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NIOSH REPORT ON RESPIRABLE CRYSTALLINE SILICA REVIEWS HEALTH EFFECTS DATA, DISCUSSES RESEARCH NEEDS
Blosser (202) 401-3749
May 20, 2002
A new report by the U.S. Centers for Disease Control and Prevention's (CDC) National Institute for Occupational Safety and Health (NIOSH) examines the health risks and diseases associated with occupational exposure to respirable crystalline silica, discusses findings from recent epidemiological studies, and suggests areas for further research to help answer ongoing questions about the hazards of exposure.
"NIOSH Hazard Review: Health Effects of Occupational Exposure to Respirable Crystalline Silica," DHHS (NIOSH) Publication No. 2002-129, was prepared with extensive technical input and review from occupational health specialists in industry, labor, the academic community, and other government agencies.
At least 1.7 million U.S. workers are exposed to respirable crystalline silica in a variety of industries and occupations, including construction, sandblasting, and mining, the NIOSH document reports. Silicosis, an irreversible but preventable disease, is the illness most closely associated with occupational exposure to the material, which also is known as silica dust. Recent data indicate that a risk of silicosis, over a working lifetime, may occur even at the current NIOSH recommended exposure limit. Some studies also have linked respirable crystalline silica with risks for lung cancer and some auto-immune diseases.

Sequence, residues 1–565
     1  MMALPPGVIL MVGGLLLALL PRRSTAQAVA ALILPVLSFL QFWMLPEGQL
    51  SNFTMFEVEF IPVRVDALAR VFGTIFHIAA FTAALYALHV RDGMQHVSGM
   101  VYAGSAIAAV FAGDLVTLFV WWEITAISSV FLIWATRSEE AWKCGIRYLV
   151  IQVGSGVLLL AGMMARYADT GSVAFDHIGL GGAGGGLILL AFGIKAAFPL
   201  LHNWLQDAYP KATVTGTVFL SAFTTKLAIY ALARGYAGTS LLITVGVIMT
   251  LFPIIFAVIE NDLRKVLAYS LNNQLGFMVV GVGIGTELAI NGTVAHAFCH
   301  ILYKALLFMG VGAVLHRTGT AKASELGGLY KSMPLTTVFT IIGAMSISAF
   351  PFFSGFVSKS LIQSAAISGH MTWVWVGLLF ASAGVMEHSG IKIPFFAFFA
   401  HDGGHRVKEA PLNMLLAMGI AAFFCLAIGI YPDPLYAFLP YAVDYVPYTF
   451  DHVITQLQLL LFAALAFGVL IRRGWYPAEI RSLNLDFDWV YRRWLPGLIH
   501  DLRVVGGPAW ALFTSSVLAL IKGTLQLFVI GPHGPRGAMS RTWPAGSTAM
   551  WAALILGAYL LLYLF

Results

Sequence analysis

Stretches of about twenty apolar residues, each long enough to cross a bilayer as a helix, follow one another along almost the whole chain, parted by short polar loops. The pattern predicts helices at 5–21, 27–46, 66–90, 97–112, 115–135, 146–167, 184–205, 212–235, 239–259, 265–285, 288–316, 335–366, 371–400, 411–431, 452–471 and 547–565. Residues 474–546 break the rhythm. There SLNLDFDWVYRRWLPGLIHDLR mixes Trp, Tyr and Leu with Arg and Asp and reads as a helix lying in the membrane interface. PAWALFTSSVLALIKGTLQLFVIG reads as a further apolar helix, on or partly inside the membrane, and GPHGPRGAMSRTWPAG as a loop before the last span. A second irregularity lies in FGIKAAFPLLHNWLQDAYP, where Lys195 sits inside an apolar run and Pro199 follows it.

Conclusions and recommendations in the report, based on a comprehensive review of the current scientific literature, include these:
Available sampling and analytical methods are not accurate enough to quantify exposures below NIOSH's recommended exposure limit of 0.05 milligrams of respirable crystalline silica per cubic meter of air. As a result, scientists currently lack the tools to determine, with confidence, what levels of exposure below 0.05 mg/m3 may or may not pose a health risk. Until more precise methods are developed, NIOSH will continue to recommend an exposure limit of 0.05 mg/m3 . To reduce risk, NIOSH recommends substituting less hazardous materials for crystalline silica when feasible, using appropriate respiratory protection when controls cannot keep exposures below the recommended limit at the source of exposure, and making medical examinations available to exposed workers.
Findings from numerous recent studies support NIOSH's longstanding policy that respirable crystalline silica should be considered a potential occupational carcinogen. Further research is needed to better understand the nature and extent of potential risk. For example, what levels of occupational exposure pose a risk for lung cancer in non-smokers? Among workers in occupations associated with exposure to respirable crystalline silica, why do workers with silicosis appear to have a higher risk for lung cancer than workers without silicosis?
In addition to research that would help answer current questions about potential disease risk (such as cellular and molecular studies to better understand the processes that may lead to illness), research is needed on methods to reduce exposures in a variety of industries, to quantify exposures to low airborne concentrations of silica dust, and to effectively communicate to workers the risks of silica dust.
Copies of the NIOSH document are available from the toll-free NIOSH information number, 1-800-35-NIOSH (1-800-356-4674) and from the NIOSH web page at www.cdc.gov/niosh/02-129A.html
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